Then there was my working trip on behalf of some of these agencies to a developing country frequently plagued by both natural and manmade disasters. I was supposed to lead the team drafting the emergency telecommunications action plan for the country. As part of our data collection efforts, we had to reach out and interview many different stakeholders, from both the public and private sectors. I still vividly remember that at least two interviewees told us with a straight face that, in their opinion and in the local context, the most effective and efficient way of passing along information pertaining to disasters would be by sending experienced human runners to literally run across the terrain to convey the relevant messages! This is partly because the traditional, wired telecommunication networks would, of course, often be destroyed in the disasters. Even the wireless telecommunication networks could be disrupted, for example, by power shortages or deliberate sabotage. And usage of satellite phones, at least at that time, was prohibitively expensive. Whereas a human courier, with his or her adroit knowhow, could more safely and securely pass along the relevant information.

After some admittedly amusing but equally serious discussions, my team and I decided to actually include this human-runner recommendation in the final report as one of the measures that should back up the country’s deployment of communication measures for disaster mitigation. But, of course, it has to be systematically done, with proper training and equipment requirements. Since then, the country’s manmade disaster in the form of outright civil war has largely dissipated, only to be replaced, in recent months, with bouts of terrorist incidents. Natural disaster continued to plague the country intermittently. I would hope that the action plan was actually put to use in mitigating these disasters. But the main point here is that in some circumstances, we do not have to always refer to the latest technologies in order to address some basic problems in developing countries. Instead, we could adapt some local, customary practices, sometimes just supplementing them with some more modern implements to achieve efficiency.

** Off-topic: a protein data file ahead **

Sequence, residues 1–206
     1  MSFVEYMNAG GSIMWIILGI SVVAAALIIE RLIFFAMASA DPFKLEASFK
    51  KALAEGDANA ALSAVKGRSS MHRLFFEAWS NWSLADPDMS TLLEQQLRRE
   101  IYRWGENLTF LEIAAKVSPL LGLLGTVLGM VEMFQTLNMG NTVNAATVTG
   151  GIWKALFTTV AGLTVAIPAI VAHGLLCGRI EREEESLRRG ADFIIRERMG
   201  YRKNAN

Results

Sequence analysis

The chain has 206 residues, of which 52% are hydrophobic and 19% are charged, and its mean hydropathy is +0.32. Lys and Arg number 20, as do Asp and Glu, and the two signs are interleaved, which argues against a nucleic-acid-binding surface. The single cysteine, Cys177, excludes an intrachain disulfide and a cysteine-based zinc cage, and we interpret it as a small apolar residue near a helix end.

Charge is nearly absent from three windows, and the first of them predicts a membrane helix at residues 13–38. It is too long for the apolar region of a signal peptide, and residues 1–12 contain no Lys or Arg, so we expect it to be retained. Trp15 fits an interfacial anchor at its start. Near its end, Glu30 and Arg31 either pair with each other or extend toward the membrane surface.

More than two decades have elapsed since then, and frankly I do not have a ready-made solution to address some of these inadequacies in basic infrastructure in both my backyards in particular, or in developing countries in general. I think it would require, at the least, an open-minded and creative combination of modern technologies and traditional or local knowhow. For example, electrical power shortage is a recurring problem in many remote parts of the world. With electricity, modern amenities, including more “powerful” telecommunications coverage, could be easier achieved. Yet development of hydroelectric power generation is not only expensive but nowadays somewhat environmentally controversial. So, how about wind power generation, as the residents of some of these regions would often swear by strong winds which, if scientifically measured, could perhaps be put to productive use? These are food for thought and the brainstorming could continue to search for ways and means to sustainably address many problems in developing countries.